Surgery, Gastroenterology and Oncology
Vol. 28, No. 1, Mar 2023
Laparoscopic Totally Extra Peritoneal Inguinal Hernia Repair with Endoscope Preperitoneal Dissection and No Mesh Fixation - How I Do It
Sorin Cimpean, Nicolas Barriol, Hugo Steyaert, Guy-Bernard Cadiere
Surgical Technique, Mar 2023
Article DOI: 10.21614/sgo-539

Background: Laparoscopic or robotic TEP hernia repair represents a minimally invasive surgical technique used in treatment of inguinal or femoral hernia in male or female patients.

Surgical technique: We describe the operative steps of the TEP hernia repair technique with the particularities of endoscope dissection of the extra-peritoneal space and no-fixation of the mesh after placement.

Discussions: The description of the trocar’s positioning and the particularities of the technique are important, especially for young surgeons and are utterly for orientation but depends on the intraoperative findings. The correct space dissection, mesh placement and non-fixation of the mesh can reduce the risk of hernia recurrence and chronic postoperative chronic pain.

Conclusion: Due to the regular anatomy, TEP hernia repair operative technique can be standardized. The thorough comprehension of the anatomical landmarks and the surgical steps are important for the good outcome of the surgery.




Laparoscopic or robotic TEP hernia repair represents a minimally invasive surgical technique used in treatment of inguinal or femoral hernia in male or female patients. Over the time the worldwide experience with this technique allows multiple tips and tricks to be revealed and to facilitate the learning process. The advantages of TEP technique compared to open surgery are revealed by limited wound complications, rapid recovery, and decreased incidence of chronic pain. The learning curve of the TEP procedure is longer that Transabdominal Preperitoneal (TAPP) repair. The thorough comprehension of the anatomical landmarks and the various surgical steps are extremely important for the success of this surgery (1,2).

We present a detailed step-by-step TEP operative technique, with the presentation of extraperitoneal space dissection, hernia sac treatment and mesh positioning.




Operating room setup:

• General anesthesia with endotracheal intubation;

• Patient in supine position with the arms along the body;

• Bladder catheter (optional);

• 30° degree Trendelenburg, after the placement of the trocars;

• Operator on the opposite side of hernia;

• The assistant in front of the operator;

• The second assistant or nurse on the same side with the operator;

• Laparoscopy tour at the patient's feet;

• Instruments table on the same side with the assistant.





Basic instruments:

• Standard laparoscopic set;

• 0 ° endoscope;

• 10 mm trocar 10 mm;

• 5 mm trocar (2);

• Two laparoscopic atraumatic graspers;

• A pair of monopolar coagulating scissors.


Perioperative treatment:

• Prophylactic antibiotherapy (related to the mesh placement, but the subject is controversial).


Anatomical landmarks

The external anatomical reference is the anterior superior iliac spine and the pubic bone. 1 cm above the midpoint on the line between the anterior superior iliac spine and the pubic bone represent the projection of the deep inguinal ring where the indirect hernia can occur.

The indirect inguinal hernia is situated laterally to the inferior epigastric vessels. The direct hernia occurs medially to the epigastric vessels in the Hesselbach’s triangle (delimited by the inguinal canal, inferior epigastric vessels and the rectus abdominis muscle).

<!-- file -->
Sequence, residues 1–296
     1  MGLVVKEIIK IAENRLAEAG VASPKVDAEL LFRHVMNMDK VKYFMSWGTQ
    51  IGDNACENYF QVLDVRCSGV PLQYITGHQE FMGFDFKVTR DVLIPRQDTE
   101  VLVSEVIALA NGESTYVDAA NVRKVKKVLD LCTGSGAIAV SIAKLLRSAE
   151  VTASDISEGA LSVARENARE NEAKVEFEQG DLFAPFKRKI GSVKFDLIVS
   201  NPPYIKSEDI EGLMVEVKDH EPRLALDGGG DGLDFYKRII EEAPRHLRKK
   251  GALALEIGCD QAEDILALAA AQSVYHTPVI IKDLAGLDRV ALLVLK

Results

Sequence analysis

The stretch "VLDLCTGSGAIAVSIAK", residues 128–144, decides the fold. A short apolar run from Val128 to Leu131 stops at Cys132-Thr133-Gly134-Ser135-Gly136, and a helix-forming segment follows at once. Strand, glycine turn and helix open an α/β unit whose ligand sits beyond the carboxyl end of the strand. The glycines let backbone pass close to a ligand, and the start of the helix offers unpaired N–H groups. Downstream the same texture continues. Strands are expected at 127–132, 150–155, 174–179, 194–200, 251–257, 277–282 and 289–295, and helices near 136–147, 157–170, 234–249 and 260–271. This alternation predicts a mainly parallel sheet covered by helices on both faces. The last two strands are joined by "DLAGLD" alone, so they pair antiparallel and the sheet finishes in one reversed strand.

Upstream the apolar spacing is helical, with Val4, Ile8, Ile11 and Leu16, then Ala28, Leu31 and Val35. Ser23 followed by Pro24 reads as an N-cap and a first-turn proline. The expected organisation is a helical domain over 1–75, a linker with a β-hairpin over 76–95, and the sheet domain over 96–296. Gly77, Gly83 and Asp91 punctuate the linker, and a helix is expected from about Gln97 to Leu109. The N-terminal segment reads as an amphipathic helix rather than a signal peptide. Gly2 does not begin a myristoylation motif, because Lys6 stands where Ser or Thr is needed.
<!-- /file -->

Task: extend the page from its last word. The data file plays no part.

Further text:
The femoral hernia occurs near the iliac vessels, inferiorly to the inguinal canal. It is fundamental to recognize the anatomical planes and to identify the appropiate space for the correct mesh placement.


Operative steps

Trocar positioning

- 10 mm trocar in periumbilical position;

- 5 mm trocar on the midline at 3 fingers or 4-5 cm below the periumbilical incision;

- 5 mm trocar on the midline at 3 fingers or 4-5 cm below the previous incision (if the trocar is placed too close to the pubic bone, the use of the grasper may be difficult for the mesh positioning).


Dissection of the Retzius space

For the placement of the optic trocar, a periumbilical incision is performed. The incision is placed on the right side in case of a left inguinal hernia is on the left side in case of a right inguinal hernia. In case of a bilateral hernia, the preferred periumbilical incision is on the left side. The skin incision is performed, the sous-cutaneous plane is dissected and the anterior sheath of the rectus abdominis muscle is identified. The aponeurosis is presented using two forceps and the incision is performed progressively using scissors to avoid muscle fiber section and secondary bleeding. A 10 mm trocar is placed under the muscular layer in the direction of pubic symphysis.

The extra-peritoneal spce dissection can be performed using a 0-degree endoscope which allows a blunt dissection of the plane and decreases the risk of peritoneal sheet breach.

For the confirmation of the correct plane of dissection, is useful the identification of some white thin fibers, called “angel’s hair”. The presence of these structures will confirm the presence of the avascular plane of dissection and will allow the complementary pneumo-dissection of the CO2 insufflation.

The extraperitoneal space dissection is performed in the direction of the pubic symphysis parallel to the rectus abdominis muscle. The dissection is conducted by advancing and retracting the endoscope, to allow CO2 gas insufflation and to create the work space (fig. 1). Close dissection and contact with the pubic branch can expose to lesions of corona mortis vein. The dissection is conducted below the pubic bone.


Figure 1 - Intraoperative image with the initial phase of the endoscope Retzius plane dissection. (a) - Rectus abdominis muscle, (b) - Extra-peritoneal space with Angel’s hair structures


The anatomical landmarks after the Reztiuz space dissection are: inferiorly urinary bladder and the pubic bone, anteriorly the rectus abdominis muscles and laterally the iliac vessels.


Bogros space dissection

By gentle lateral movements of the laparoscope, the dissection is performed laterally. This space is accessed under the epigastric vessels between the transversalis fascia and the umbilico-vesical fascia (fig. 2). The lateral dissection of the extraperitoneal space is performed bellow the Douglas arcade, due to the increased risk of peritoneal sheet breach. It is important to identify inferiorly the iliac vessels and anteriorly the inferior epigastric vessels to avoid vascular injuries. At the end of this operative step, the two trocars of 5 mm are introduced in the midline.